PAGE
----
Not exactly dynamite.
Ah, Napoleon. Military leader extraordinaire, politician, a one-man revolution in educational systems and administration; love or hate the French, you have to respect Napoleon’s accomplishments. The little guy brought France to a position of prominence for the first half of the 19th century, so he must’ve been pretty clever and/or bad-ass. It’s nice to see him finally getting some real coverage in games.
[image1]Given that the very first thing I did upon installing Empire: Total War was go through a game playing as the French (and winning, I might add), Napoleon feels like very-recently tread ground to me. Within 10 minutes I was doing pretty much what I did after 10 minutes of Empire – only with a slightly different UI and menu set. How odd. Did I enter a time machine? Was this a side effect of a rather delightful coma?
Sadly, no, nothing that interesting. Just sequel-itis. Just another Total War game.
Like every Total War game to date, Napoleon is one part turn-based empire game and one part RTS with fixed force sizes. Like every Total War game to date, the AI is dumb as a brick in the imperial side and precise as only a computer can be on the RTS side. Not creative or truly intelligent, mind – but it does manage its forces with impressive precision, making it very hard to exploit a moment of sloppy play.
It’s not that there aren’t differences in the details; there absolutely are. Turns represent half a month now, not half a year; the world map is smaller; individual soldiers in units are more visibly varied; but all of this doesn’t really change the game, it just changes the frippery. You’re doing the same bloody thing you did in Empire and Rome and Medieval and Shogun. This isn’t a bad thing. But this isn’t really a selling point, either.
[image2]The largest observable differences are in the multiplayer area, where drop-in games have been implemented, though not exactly the way you’d expect or are used to in other games. It lets a human player jump in for a computer opponent, letting you set up a game and get going while you wait for a human to jump in. I tried this a few times – it’s disorienting for both sides, but most distinctly so for the player jumping in, where he has to try and figure out the side he’s been plopped with and the resources available pretty much on the fly. It can be difficult, especially if the CPU had been building towards a particular strength or strategy.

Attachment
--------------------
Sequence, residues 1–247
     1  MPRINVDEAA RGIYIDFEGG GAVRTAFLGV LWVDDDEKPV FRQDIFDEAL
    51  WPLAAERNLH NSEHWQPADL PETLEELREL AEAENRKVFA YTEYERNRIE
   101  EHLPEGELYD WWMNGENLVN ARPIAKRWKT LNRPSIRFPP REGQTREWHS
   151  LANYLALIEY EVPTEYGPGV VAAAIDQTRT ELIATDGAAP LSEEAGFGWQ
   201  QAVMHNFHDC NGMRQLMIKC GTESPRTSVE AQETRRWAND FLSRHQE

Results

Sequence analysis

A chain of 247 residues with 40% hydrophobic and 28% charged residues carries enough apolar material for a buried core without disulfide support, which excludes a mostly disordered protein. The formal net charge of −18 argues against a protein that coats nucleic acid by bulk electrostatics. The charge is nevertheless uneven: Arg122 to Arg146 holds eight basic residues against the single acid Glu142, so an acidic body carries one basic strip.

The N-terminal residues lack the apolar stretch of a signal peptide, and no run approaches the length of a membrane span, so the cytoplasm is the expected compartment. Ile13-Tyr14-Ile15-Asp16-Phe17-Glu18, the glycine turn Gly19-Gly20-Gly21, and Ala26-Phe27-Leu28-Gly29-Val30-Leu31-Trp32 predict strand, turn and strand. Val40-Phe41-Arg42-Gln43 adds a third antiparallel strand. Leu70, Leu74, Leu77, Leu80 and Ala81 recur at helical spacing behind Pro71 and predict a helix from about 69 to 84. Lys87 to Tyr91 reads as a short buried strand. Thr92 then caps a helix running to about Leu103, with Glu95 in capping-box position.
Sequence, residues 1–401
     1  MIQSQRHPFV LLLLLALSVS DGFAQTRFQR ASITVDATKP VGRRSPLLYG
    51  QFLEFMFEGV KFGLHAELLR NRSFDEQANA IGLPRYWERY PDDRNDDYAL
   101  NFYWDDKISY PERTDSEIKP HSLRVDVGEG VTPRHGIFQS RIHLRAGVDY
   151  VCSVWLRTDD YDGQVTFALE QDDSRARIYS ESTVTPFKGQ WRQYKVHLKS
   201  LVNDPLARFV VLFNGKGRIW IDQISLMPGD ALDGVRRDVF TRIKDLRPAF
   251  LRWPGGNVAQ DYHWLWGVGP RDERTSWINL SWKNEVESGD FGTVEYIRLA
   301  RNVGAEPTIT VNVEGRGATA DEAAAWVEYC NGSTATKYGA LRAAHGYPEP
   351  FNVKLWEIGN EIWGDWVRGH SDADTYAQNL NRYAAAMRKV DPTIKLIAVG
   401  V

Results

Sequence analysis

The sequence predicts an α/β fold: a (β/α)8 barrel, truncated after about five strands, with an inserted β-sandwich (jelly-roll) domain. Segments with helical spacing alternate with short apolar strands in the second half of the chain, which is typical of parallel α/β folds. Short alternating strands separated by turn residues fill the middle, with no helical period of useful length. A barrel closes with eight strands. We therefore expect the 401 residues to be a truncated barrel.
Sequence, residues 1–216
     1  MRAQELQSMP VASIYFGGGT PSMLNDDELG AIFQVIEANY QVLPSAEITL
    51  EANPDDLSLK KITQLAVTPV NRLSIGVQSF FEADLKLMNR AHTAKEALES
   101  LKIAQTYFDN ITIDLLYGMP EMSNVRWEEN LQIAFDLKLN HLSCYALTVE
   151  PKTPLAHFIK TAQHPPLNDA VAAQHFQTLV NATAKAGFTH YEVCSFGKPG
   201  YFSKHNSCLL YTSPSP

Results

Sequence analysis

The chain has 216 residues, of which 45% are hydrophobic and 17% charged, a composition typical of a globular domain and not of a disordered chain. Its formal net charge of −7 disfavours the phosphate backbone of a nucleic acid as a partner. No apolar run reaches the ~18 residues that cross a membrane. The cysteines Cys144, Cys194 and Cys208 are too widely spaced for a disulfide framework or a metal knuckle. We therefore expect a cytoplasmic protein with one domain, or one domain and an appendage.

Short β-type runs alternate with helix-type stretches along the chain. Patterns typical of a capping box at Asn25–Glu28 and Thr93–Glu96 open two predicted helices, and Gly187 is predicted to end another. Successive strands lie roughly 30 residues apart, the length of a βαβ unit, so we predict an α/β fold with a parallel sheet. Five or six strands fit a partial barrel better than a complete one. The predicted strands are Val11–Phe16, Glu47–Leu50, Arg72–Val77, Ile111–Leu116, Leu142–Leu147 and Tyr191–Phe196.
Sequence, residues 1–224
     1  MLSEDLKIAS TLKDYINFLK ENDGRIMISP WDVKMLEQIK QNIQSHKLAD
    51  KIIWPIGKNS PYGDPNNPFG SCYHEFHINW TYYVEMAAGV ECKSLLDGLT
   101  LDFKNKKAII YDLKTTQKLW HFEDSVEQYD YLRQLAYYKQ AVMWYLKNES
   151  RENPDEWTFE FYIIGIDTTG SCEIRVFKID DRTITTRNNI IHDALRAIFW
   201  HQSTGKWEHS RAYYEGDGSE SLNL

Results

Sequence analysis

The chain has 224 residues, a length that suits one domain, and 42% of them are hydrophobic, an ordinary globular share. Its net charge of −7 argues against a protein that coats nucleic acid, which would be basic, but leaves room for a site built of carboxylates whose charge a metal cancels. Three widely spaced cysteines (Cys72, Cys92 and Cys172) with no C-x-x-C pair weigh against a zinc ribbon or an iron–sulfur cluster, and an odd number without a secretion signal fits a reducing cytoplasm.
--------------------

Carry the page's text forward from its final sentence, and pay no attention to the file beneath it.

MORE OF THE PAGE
Folks, when I sit down to review a game, my general criterion can be summed up as follows: What qualities am I finding here that I haven’t seen before? Those are the things worth focusing on. If there aren’t any, then fall back on the question of quality: How does this compare to top-runners in the same genre?
Well… let’s see… Napoleon’s a cleaner presentation that Empire was, certainly. The engine’s clearly seen some optimization, and bugs have been fixed a-plenty, so there are fewer crashes, and the game is much friendlier to honest, working-men’s computers. Likewise, graphics have taken some dainty steps forward - no leaps or bounds ahead of Empire, but the extra variety and detail help to flesh out the game’s visual appeal considerably. Likewise, the soundtrack is quite good, if unfocused, as has been the general rule for Total War games.
[image3]The problem Napoleon has is that it’s not just like Empire, it is and only is Empire. Better technical execution, improvement to the look and feel, but the game just is not different. It feels like an expansion at best, yet it’s being sold like it’s a brand new game. A little insulting, frankly, for those of us who picked up Empire just under a year ago. Some of the bugs in Empire have never even been fixed, while Napoleon apparently got all the love.
If you own Empire, there’s not a good reason to own Napoleon. If you don’t, hey, fair enough, Napoleon’s all the same classic Total War gameplay elements that has kept the series notable and strong all these years. Your decision to buy should really be based upon whether you own Empire or not; nothing else bears much impact here.